There are tools to help. See Trebor, above.


I am the one making too loud s noises?

If I was really doing my job, I would make a special polyester/wool blend sock that fits over your microphone to prevent Essing right at the beginning.


There’s a free DeClicker plugin in at the bottom of the post where the free DeEsser plugin is.

Store-bought de-esser & de-clicker plugins are available, they can be faster than Paul-L’s freebies, but can be costly.

Thank you Trebor and Koz for the great tips. This is actually a test for my first production that needs to meet ACX requirements and you gave me a lot of tips without me even asking specifically about it!
To be honest, I can hardly hear any difference between the before and after deesser voice samples. Probably my ear is not trained enough :-/
Also, why would I want to mix the 2 stereo tracks or even record in mono? Won’t that result in the sound coming only from one of the two speakers or headphones of the listener? What am I not understanding here?

Last but not least, how do I make sure that I have set up my hardware and Audacity right before I actually start recording, so that I ensure I will pass ACX technical requirements? What does this really mean?
Peaks no louder than -3dB.
RMS (performance loudness) between -18dB and -23dB.

The whistling esses are between 6kHz & 9kHz.
It’s possible your headphones/speakers are not accurately reproducing those high-frequencies.
It’s possible to visually tell from the waveform that the esses are too strong: they are taller than the other parts …


Your two “stereo” tracks are perfectly identical: a/k/a “dual-mono”.
The duplication just creates a larger audio file without any audible difference.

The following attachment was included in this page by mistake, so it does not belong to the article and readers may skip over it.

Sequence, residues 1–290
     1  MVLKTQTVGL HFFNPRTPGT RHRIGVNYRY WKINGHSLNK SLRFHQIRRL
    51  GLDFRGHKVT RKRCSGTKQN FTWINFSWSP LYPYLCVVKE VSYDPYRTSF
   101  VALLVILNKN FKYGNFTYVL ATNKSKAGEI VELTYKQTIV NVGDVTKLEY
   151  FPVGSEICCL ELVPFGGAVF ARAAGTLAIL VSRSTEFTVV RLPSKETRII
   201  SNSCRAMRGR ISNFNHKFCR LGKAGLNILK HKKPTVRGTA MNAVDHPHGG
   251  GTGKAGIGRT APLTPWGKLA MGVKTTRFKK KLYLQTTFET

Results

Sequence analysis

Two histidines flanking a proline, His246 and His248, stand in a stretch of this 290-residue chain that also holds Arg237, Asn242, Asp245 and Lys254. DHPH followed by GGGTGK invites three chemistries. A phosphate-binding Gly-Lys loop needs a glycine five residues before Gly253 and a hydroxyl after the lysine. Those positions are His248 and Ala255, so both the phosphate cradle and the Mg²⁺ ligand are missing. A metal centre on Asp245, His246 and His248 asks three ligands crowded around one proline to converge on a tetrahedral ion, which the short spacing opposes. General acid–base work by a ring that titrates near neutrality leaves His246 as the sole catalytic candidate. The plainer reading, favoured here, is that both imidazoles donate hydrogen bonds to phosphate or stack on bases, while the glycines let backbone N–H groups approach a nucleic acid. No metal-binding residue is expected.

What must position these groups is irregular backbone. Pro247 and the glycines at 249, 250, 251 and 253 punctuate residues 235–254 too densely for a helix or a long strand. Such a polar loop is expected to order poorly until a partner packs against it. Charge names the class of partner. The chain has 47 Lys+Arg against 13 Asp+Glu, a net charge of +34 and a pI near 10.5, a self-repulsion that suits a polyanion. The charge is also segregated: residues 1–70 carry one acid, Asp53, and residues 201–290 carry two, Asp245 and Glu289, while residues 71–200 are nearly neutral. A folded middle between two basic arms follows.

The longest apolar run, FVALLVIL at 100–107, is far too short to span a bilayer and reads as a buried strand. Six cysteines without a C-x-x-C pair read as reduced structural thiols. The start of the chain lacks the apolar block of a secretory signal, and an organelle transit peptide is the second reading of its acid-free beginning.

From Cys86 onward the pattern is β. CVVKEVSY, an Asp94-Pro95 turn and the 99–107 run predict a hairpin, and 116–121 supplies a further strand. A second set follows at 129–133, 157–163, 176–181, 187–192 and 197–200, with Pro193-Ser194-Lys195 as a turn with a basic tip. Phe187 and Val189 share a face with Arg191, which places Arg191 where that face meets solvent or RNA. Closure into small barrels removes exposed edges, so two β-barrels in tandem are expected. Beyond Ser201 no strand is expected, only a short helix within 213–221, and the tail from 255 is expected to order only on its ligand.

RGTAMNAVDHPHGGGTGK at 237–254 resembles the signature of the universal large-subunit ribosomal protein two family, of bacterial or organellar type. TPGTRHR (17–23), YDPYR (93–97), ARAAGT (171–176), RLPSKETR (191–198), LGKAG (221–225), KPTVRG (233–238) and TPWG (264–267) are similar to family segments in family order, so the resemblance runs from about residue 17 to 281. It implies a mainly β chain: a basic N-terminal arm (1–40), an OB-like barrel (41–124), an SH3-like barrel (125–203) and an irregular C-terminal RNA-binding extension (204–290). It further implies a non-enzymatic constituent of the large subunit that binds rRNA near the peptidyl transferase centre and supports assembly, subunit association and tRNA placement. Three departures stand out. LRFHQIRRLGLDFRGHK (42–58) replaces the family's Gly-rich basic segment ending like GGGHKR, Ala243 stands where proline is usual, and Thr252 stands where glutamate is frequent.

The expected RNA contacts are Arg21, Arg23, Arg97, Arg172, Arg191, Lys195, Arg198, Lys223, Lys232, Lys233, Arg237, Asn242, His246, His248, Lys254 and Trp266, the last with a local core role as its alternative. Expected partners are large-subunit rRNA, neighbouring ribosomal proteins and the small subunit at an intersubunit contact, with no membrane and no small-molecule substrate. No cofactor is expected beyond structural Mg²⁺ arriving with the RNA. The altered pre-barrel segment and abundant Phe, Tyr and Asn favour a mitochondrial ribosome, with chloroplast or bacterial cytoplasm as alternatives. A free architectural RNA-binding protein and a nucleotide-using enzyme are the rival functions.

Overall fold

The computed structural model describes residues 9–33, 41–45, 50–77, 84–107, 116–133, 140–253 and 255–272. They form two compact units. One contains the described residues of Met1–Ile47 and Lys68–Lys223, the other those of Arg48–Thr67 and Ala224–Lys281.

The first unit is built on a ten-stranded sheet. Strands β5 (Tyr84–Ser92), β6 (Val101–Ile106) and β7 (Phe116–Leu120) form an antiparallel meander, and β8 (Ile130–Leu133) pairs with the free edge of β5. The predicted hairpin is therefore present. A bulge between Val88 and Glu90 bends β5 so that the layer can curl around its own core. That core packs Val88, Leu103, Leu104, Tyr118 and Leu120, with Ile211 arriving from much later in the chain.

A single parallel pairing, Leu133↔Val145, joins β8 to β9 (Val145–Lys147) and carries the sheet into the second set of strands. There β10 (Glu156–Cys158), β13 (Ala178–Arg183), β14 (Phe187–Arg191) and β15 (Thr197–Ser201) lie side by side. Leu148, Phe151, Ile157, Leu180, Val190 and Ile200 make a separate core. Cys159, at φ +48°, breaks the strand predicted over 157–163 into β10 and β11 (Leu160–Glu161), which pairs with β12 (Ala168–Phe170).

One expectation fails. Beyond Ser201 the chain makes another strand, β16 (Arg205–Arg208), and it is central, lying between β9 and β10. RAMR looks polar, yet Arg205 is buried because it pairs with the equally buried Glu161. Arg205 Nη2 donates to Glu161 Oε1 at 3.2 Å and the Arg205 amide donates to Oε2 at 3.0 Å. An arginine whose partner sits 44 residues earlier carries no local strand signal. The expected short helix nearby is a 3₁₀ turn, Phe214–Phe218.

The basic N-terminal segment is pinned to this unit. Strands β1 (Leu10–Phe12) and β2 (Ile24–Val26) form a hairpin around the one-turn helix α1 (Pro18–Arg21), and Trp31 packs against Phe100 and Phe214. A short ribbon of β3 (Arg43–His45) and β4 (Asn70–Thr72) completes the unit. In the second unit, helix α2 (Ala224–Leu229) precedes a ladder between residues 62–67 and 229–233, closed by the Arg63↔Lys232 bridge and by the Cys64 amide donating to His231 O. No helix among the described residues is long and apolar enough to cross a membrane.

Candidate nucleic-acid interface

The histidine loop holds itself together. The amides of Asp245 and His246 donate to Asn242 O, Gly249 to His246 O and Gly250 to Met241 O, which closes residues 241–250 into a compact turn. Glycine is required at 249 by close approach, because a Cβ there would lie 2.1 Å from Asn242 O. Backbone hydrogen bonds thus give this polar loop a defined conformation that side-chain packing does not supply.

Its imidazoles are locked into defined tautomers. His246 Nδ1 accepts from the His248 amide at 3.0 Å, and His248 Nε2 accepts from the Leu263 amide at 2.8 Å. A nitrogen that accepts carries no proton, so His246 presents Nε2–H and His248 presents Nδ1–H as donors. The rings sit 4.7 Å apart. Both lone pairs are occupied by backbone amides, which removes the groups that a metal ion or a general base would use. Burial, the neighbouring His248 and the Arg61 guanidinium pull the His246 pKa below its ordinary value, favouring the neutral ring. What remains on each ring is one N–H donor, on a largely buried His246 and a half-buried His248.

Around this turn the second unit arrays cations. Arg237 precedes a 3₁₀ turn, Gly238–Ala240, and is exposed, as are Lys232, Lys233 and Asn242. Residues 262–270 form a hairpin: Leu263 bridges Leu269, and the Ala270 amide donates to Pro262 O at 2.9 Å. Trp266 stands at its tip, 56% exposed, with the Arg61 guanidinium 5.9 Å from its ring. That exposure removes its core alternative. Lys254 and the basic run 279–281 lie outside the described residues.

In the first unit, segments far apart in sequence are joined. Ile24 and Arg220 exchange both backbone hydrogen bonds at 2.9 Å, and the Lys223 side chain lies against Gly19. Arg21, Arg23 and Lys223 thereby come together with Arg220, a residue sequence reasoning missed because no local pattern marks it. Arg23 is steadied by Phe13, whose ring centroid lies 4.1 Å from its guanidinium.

You can set Audacity to record in mono in preferences
set audacity to record in momo.png
If your microphone is mono you can only record in mono. This is not a problem: ACX prefer mono recordings.

Switch to viewing the waveform the db scale …

peak volume, (biggest peak), is louder than -3dB, (so not ACX compliant).gif
ACX specification require no peak louder than -3dB. Audcaity’s limiter can knock down any loud peaks.

Thanks, I may not hear it but at least I can see it very clearly :smiley:

Yes, my mic was recording in mono until I deliberately made Audacity to record stereo because the sound was coming only from one speaker / headphone. Why would I want that? confused

Understood, and what about RMS?

Thank you!

RMS is an average value for volume over the selected audio,
as opposed to peak volume which is the loudest moment.

There are various tools which can be used to measure RMS volume in Audacity …

Ways of measuring RMS in Audacity.gif
Audacity does not come with “ACX Check” installed: it’s a plugin which you have to install.

OK, so if I make a test and do not meet the requirement does it mean I have to adjust the volume of the mic on the preamp?

Adjust the preamp for the highest signal-to-noise***** ratio.
Then use the Audacity tools, (e.g. “RMS Normalize” & limiter), to make the audio comply with ACX specifications.

[ ***** The noise-level on your audio is already good,
the optimum preamp gain setting will be close to what you’ve got it set at now ].

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Perfect, thanks everybody for the amazing help, I am now actually ready to start recording my first ACX project!
So if I understand right if I record in mono my final mp3 output will actually be heard only from one speaker and ACX will encode it themselves so that the listener sounds it from both their headphones, right?

Mono recordings are equally loud on both speakers/headphones if the track pan-slider

is in the middle.

Hm, had not really realised that till… you told me. Because first time I pluged in my new XLR mic to Audacity I heard the output only from one speaker and then I changed the settings to stereo so I could hear it from both speakers, but now I tried again to record in mono and indeed I hear it from both speakers. Have no idea what the problem was first time.